1953 Cunningham C-3 Coupe by Vignale
Sold For $1,100,000Inclusive of applicable buyer's fee.
- The personal car of Briggs Cunningham; retained by him and his family for 61 years
- One of just 25 Vignale-bodied C-3s produced
- A well-maintained original car, currently registering 10,097 miles
- Winner of the Historic Vehicle Association (HVA) National Automotive Heritage Award
- Researched by Cunningham historians Tom Cotter and Larry Berman
- The most significant extant C-3, with unbeatable provenance and originality
Briggs Swift Cunningham was a man with what Friedrich Nietzsche referred to as “will.” Briggs had the will to win, constantly striving to best his competition, whether during his extensive yachting career, golfing, playing football, or auto racing.
Son of a wealthy Cincinnati financier and heir to the Swift meatpacking fortune, Cunningham began his career in yacht racing at Yale in the 1920s, which eventually led to international fame by captaining the Columbia to victory in the 1958 America’s Cup. He engaged in international racing in the 1930s with his college friends Miles and Samuel Collier, who founded the Automobile Racing Club of America (later renamed the Sports Car Club of America, SCCA, in 1944).
In 1950, Briggs entered two Cadillac Coupe DeVilles in the world’s most prestigious race, the 24-hour endurance event at Le Mans. One remained nearly stock, and the other was heavily modified. They finished 10th and 11th among a sea of Jaguars, Aston Martins, and Ferraris. This early loss only increased Briggs’ will to victory, which culminated in the ultimate creation of his C-3 Cunningham automobile. At the time, homologation rules of Le Mans specified that competitors could race production vehicles, with at least 25 produced, to be eligible to race. This would have been a problem for most, but for Briggs Cunningham, the solution was clear: he must build his own brand of car. Thus, the Cunningham C-3 was born.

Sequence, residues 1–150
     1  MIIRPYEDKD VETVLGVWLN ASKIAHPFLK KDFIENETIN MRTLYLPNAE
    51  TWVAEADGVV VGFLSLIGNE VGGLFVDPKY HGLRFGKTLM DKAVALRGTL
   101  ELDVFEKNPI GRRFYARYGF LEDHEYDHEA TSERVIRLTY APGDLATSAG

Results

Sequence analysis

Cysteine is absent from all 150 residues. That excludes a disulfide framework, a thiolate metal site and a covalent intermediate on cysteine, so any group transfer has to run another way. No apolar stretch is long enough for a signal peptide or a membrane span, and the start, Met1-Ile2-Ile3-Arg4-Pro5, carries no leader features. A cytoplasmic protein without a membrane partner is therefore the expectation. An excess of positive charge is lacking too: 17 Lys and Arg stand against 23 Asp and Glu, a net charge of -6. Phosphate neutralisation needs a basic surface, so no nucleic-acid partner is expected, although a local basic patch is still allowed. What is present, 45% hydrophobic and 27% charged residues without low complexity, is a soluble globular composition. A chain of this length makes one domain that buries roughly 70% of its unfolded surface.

Cunningham developed the Cunningham C-3 by mating the newly popular Chrysler Hemi V-8 engine with a race car chassis and Italian bodywork designed by Vignale of Turin, Italy. With exclusivity and a high price point, ranging between $8,000 and $12,000 new, wealthy Americans, such as the du Pont family and the Rockefeller family, took notice and were early customers. By 1954, Briggs Cunningham was featured on the cover of Time magazine with three of his Cunningham racing cars, as the embodiment of “Horsepower, Endurance, Sportsmanship.”
Briggs’ personal C-3 was built with a heater, radio, 20-gallon fuel tank, Bendix Hydrovac power booster, and a Chrysler PowerFlite gearbox. Originally, this vehicle was built as a demonstrator model, but was never sold; rather, it was retained by Briggs and the Cunningham family for over 60 years. Most of the 25 Vignale-bodied cars produced wore two-tone color combinations. However, Briggs had 5223 painted black and fitted with a beautiful red leather interior.
Briggs Cunningham was featured with his C-3 in an article in the 23 January 1957 issue of The Motor. More recently, chassis number 5223 was on the cover of the Fall 2014 issue of Hagerty Classic Cars magazine and was prominently covered in an extensive article with photographs taken in the garage on the Cunningham family’s Greens Farms, Connecticut, estate. While hundreds of important automobiles came and went through his life, this C-3 remained with the Cunningham family until his daughter Lucie’s passing in 2014. Lucie, in her ownership, proudly enjoyed displaying and supporting the legend of her famous father by bringing 5223 to concours events, including the Cunningham Gathering at the 2011 Cavallino Classic in Palm Beach, Florida, and later the 2013 Cunningham Gathering at the Lime Rock Park 31st Historic Festival in Connecticut.
Today, 5223 remains largely original, with a few custom touches by Briggs and then later Lucie, including wire wheels and Lucie’s signature “lady bug” tire valve stem caps. When Lucie inherited the car in 2003, she could not live with the original paint’s patina, and so commissioned the car to be stripped to bare metal and painted in its original color, black. Additionally, she had the interior re-trimmed in the same red leather as when new. Beautifully preserved, this C-3’s odometer reads 10,097 miles at the time of cataloguing.
This C-3 is the definition of a “no stories” automobile—not to mention, having spent 61 years with the family of its namesake—talk about provenance personified! The HVA, the world’s largest historic vehicle owner’s organization, known for promoting culturally and historically significant vehicles, recognized 5223 with the prestigious National Automotive Heritage Award, which lists cars with this honor in the Library of Commerce in Washington, DC.
Inarguably, this is the most historically significant C-3 in existence.